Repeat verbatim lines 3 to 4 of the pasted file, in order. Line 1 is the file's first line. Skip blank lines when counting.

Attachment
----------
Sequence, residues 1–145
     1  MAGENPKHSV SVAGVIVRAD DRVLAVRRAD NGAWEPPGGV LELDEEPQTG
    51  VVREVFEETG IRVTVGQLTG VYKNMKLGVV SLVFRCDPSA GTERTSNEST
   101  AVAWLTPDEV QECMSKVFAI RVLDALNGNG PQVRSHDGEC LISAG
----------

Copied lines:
    51  VVREVFEETG IRVTVGQLTG VYKNMKLGVV SLVFRCDPSA GTERTSNEST
   101  AVAWLTPDEV QECMSKVFAI RVLDALNGNG PQVRSHDGEC LISAG